The Supreme Court decided a case but missed an opportunity this month. The opportunity missed was to clarify, once and for all, that treaties do not increase federal power, and thereby to close a backdoor way to create an abortion right after Roe is overturned.
The case was Bond v. United States.
Bond was prosecuted for trying to injure a woman who was having an affair with her husband. Bond tried to do so by using some chemicals that are toxic to humans. She was discovered by government authorities and prosecuted under a federal statute that makes it a crime to use a “chemical weapon.”
The Supreme Court unanimously concluded Bond could not be prosecuted under the statute. The majority held that the statute was not intended to go this far, to reach conduct that is traditionally subject to local – not national – law enforcement. Rather the statue was intended to prohibit acts of chemical warfare and terrorism.
So far, so good. The Court’s decision, interpreting the meaning of a federal law, is sound. But the missed opportunity was to examine – and to clarify – whether the federal law – the Chemical Weapons Implementation Act of 1998 – had been properly enacted in the first place. The question the Court should have answered, as the concurring opinions noted, was – if the Act had prohibited Bond’s conduct, would it have been constitutional?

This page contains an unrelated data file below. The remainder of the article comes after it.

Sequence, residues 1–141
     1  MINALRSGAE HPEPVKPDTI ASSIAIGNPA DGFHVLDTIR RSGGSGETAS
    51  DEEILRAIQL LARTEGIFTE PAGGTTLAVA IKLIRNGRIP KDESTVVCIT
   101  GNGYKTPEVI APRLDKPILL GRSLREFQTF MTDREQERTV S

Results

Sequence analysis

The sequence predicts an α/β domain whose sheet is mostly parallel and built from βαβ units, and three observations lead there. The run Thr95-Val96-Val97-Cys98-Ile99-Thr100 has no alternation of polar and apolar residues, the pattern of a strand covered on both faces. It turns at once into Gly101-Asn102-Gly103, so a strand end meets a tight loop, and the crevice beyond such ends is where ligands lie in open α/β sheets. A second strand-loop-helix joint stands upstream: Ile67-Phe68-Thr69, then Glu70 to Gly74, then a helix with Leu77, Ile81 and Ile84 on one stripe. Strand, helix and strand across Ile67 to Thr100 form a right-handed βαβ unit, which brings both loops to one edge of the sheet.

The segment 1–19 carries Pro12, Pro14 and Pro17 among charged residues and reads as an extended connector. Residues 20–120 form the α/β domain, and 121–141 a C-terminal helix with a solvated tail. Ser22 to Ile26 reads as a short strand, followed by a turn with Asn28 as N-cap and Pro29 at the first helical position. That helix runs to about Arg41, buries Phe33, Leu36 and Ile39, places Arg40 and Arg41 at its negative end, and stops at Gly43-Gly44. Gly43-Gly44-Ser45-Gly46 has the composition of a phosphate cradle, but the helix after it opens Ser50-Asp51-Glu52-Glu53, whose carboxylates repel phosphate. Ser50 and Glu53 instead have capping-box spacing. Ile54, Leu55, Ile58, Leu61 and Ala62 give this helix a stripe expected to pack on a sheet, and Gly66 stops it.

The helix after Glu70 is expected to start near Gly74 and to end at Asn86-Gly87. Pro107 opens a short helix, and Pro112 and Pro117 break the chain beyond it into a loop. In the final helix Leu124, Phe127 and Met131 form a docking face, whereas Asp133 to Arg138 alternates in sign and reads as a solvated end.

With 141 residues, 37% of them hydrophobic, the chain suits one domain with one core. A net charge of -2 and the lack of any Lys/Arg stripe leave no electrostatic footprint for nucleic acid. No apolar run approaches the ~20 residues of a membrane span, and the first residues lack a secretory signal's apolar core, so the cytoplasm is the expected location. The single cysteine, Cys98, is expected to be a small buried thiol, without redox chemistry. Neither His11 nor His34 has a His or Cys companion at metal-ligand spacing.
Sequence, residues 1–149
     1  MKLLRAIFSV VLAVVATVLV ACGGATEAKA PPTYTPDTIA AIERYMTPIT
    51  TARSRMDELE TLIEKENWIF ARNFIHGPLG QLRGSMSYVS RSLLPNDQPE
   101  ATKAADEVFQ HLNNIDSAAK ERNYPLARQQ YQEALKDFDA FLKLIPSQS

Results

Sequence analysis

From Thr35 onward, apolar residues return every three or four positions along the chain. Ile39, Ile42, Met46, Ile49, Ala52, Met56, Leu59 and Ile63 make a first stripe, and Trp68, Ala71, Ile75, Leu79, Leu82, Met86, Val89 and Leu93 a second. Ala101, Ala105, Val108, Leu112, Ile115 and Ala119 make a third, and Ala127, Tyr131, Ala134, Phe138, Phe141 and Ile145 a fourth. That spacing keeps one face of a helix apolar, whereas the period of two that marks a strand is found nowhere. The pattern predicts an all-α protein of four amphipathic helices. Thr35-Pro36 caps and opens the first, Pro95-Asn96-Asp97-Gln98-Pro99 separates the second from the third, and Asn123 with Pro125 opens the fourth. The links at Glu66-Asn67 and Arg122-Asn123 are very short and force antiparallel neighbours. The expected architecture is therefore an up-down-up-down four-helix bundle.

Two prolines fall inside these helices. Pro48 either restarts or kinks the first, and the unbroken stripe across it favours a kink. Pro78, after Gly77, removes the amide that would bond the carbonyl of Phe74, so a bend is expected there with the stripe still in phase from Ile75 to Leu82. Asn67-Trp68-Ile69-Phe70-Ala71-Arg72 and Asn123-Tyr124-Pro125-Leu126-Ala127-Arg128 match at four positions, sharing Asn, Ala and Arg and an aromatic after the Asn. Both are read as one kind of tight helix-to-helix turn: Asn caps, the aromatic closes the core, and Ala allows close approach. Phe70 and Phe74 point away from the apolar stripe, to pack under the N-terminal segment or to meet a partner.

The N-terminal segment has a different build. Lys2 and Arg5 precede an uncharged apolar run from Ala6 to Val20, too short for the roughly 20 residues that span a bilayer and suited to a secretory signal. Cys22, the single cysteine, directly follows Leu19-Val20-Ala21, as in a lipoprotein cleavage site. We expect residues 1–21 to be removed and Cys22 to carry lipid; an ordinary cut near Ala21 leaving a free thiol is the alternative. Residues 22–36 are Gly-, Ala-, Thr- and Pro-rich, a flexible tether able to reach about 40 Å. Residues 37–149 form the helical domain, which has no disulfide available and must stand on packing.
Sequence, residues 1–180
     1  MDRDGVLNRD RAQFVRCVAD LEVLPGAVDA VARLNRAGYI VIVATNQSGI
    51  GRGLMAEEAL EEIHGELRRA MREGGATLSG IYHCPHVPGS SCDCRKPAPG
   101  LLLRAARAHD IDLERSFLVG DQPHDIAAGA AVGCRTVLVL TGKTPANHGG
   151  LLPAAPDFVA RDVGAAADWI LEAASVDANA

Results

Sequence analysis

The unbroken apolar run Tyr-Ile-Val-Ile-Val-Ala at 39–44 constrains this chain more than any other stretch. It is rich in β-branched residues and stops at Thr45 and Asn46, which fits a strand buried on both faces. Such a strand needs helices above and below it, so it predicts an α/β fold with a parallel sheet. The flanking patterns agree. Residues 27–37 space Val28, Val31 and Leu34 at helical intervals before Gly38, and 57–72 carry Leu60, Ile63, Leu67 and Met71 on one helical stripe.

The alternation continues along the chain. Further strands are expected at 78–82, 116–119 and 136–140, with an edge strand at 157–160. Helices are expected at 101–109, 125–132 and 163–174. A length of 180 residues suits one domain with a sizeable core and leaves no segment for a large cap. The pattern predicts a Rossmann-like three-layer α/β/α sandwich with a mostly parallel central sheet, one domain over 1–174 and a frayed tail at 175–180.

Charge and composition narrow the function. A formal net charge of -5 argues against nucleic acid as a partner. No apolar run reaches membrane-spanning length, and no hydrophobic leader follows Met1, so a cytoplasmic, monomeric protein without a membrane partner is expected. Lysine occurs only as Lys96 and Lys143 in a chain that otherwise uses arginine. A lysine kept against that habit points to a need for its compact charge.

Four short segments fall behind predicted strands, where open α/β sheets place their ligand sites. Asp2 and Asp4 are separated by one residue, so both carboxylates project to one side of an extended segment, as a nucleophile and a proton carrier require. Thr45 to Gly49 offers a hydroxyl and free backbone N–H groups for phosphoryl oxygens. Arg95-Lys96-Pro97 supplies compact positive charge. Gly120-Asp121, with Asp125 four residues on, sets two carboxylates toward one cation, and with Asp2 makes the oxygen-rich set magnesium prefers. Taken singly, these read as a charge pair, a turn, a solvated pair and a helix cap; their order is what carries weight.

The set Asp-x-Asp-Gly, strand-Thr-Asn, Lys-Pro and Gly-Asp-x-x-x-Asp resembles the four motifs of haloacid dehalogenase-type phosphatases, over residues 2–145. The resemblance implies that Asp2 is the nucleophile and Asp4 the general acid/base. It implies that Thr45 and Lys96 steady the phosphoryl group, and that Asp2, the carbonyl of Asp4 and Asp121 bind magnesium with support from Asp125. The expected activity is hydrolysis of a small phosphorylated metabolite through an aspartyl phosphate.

The Act was passed by Congress in 1998 to implement – or to put into legal force – the obligations of a treaty that U.S. entered into with other nations in 1997 to prohibit the use of chemical weapons. Like every federal law, however, it has to be based upon a power that the Constitution grants to Congress. The Constitution does not grant the power to Congress to make local criminal law. Does Congress gain such power if a treaty says that it does? If so, the President and the Congress can, in effect, amend the Constitution without the necessity of following the procedures the Constitution itself lays out for amendment, i.e., ordinarily, two-thirds of both houses of Congress to call for an amendment that is then ratified by three-fourths of the states.
The way this could play out for pro-life Americans is as follows: imagine the day (which will certainly come) when Roe is overruled, meaning it is absolutely clear there is no right to abortion, implied or otherwise, in the Constitution; could the President and Congress then enter a treaty requiring the U.S. to recognize abortion as a “right” and then “implement” the treaty through a law requiring the states to recognize that “right”? If the power of Congress can be increased through the making of a treaty, the answer would be, yes.
And though this may sound far-fetched, pro-abortion law professors have long argued that this is possible (i.e., that both treaties and the Constitution are the “supreme law of the land”).
Thus, the Bond case provided a splendid opportunity for the Supreme Court to make it clear that the powers of the President and of Congress are limited to those specified in the Constitution and cannot be increased by treaty. On June 2, they muffed the chance to do so.